Good luck and good weekend
Adf

Given the Easter holidays and diminished activity, the next poetry will arrive on Tuesday, April 23.

Addiction To Debt

A policy change did beget
In China, addiction to debt
Per last night’s report
Financial support
Continues, the bulls’ views, to whet

The data from China continues to surprise modestly to the upside. Last week, you may recall, the Manufacturing PMI report printed above 50 in a surprising rebound. Last night, Q1 GDP printed at 6.4%, a tick better than expected, and the concurrent data; Fixed Asset Investment (6.3%), IP (8.5%) and Retail Sales (8.7%) all beat expectations as well. In fact, the IP data blew them away as the analyst community was looking for a reading of 5.9%. While there is some possibility that the data is still mildly distorted from the late Lunar New Year holiday, it certainly seems as though the Chinese have managed to prevent any significant further weakness in their economy.

How, you may ask, have they accomplished this feat? Why the way every government does these days. As we also learned last week, debt in China continues to grow rapidly, far more rapidly than the economy, which means that every yuan of debt buys less growth. It should be no surprise that there is diminishing effectiveness in this strategy, but it should also be no surprise that this is likely to be the way forward. In the short run, this process certainly pads the data story, helping to ensure that growth continues. However, there is a clear and measurable negative aspect to this policy.

Exhibit A is real estate. One of the areas seeing the most investment in China continues to be real estate. The problem with expanding real estate debt (it grew 11.6% in Q1 compared to 6.4% growth for GDP) is that real estate investment is not especially productive. For an economy that relies on manufacturing, productivity growth is crucial. The more money invested in real estate, the less available for improved efficiencies in the economy. Longer term this will lead to slower GDP growth in China, just as it has done in all the developed world economies. However, as politics, even in China, is based on the here and now, there is no reason to expect these policies to change. Two years ago, President Xi tried to force a crackdown on excessive debt used to finance the property bubble that had inflated throughout China. However, it is abundantly clear that the priorities have shifted to growth at all costs. At this stage, I expect that we will see consistently better numbers out of China going forward, regardless of any trade resolution. If Xi wants growth, that is what the rest of the world will see, whether it exists or not.

Turning to the FX market, this implies to me that we are about to see CNY start to strengthen further. Last night saw a 0.40% rally taking the dollar down to key support levels between 6.68-6.69. I expect that we are going to see the renminbi start a more protracted move higher and at this point would not be surprised to see the USDCNY end 2019 around 6.30. That is a significant change in my view from earlier this year, but there has also been a significant change in the policy stance in China which cannot be ignored.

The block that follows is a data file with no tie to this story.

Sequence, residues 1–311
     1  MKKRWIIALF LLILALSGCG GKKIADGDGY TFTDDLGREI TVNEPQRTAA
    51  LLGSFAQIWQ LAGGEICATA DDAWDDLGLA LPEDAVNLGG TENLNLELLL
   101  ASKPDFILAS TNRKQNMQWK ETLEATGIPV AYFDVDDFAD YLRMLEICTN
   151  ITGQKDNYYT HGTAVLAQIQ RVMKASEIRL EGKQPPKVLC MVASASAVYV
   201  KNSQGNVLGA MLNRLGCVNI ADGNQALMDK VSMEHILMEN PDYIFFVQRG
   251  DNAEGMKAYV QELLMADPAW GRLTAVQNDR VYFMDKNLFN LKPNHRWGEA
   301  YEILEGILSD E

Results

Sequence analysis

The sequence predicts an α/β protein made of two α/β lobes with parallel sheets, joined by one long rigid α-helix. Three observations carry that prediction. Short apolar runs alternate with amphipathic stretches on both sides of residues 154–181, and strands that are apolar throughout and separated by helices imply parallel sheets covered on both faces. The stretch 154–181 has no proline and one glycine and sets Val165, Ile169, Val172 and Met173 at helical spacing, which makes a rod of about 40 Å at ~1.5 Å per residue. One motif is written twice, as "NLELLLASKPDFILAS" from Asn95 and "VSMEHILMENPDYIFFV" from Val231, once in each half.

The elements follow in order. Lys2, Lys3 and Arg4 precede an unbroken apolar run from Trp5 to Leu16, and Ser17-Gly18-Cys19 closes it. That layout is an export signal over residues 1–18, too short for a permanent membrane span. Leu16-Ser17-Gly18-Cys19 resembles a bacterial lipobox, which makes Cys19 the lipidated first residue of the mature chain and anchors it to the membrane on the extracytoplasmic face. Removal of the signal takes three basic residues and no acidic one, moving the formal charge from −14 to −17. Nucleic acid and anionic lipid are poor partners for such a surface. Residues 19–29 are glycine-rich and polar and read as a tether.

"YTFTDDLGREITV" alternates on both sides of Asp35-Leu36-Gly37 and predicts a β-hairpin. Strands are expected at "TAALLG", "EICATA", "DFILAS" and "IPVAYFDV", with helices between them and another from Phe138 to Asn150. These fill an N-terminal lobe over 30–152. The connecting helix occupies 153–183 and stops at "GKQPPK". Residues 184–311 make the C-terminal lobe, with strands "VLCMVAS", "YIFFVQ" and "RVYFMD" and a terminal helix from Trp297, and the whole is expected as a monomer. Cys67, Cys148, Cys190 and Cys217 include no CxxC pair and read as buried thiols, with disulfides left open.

Elsewhere, risk overall has been ‘on’ as investors have responded to the better than expected Chinese data, as well as the continued dovishness from the central banking community, and keep buying stocks. If you recall several weeks ago, there was a conundrum as both stocks and bonds were rallying. At the time, the view from most pundits was that the stock market was wrong and that the bond market was presaging a significant slowdown in the economy. In fact, we saw that first yield curve inversion at the time in early March. However, since then, 10-year Treasury yields have backed up by 22bps and now sit above 2.60% for the first time in a month, while stock prices have continued to rally. As such, it appears that the bond market had it wrong, not the stock market. The one caveat is that this stock market rally has been on diminishing volumes which implies that it is not that widely supported. The opposing viewpoints are the bulls believe there is a big catch up rally in the wings as those who have missed out reach peak FOMO, while the bears believe that though the rally has been substantial, it has a very weak underlying basis, and will retreat rapidly.

As to the FX market, yesterday saw dollar strength, which was a bit surprising given the weaker than expected economic data (both IP and Capacity Utilization disappointed) as well as mixed to negative earnings data from the equity market. However, this morning, the dollar has retraced those gains with the pound being the one real outlier, falling slightly amid gains in virtually every other currency, as inflation data from the UK printed softer than expected at 1.9%, thus pushing any concept of tighter policy even further into the future.

On the data front, this morning brings the Trade Balance (exp -$53.3B) and then the Fed’s Beige Book is released this afternoon. We also have two more Fed speakers, Harker and Bullard, but that message remains pretty consistent. No change in policy in the near future and all efforts to determine the best way to push inflation up to the target level. What this means in practice is that there is a vanishingly small probability that US monetary policy will tighten any further in the near future. Of course, neither will policy elsewhere tighten, so I continue to view the dollar’s prospects positively with the clear exception of the CNY as mentioned above.

Good luck
Adf

 

Mario’s Turn

It’s Mario’s turn to explain
Why rates should start rising again
His problem, of course
Is he can’t endorse
A rise if it leads to more pain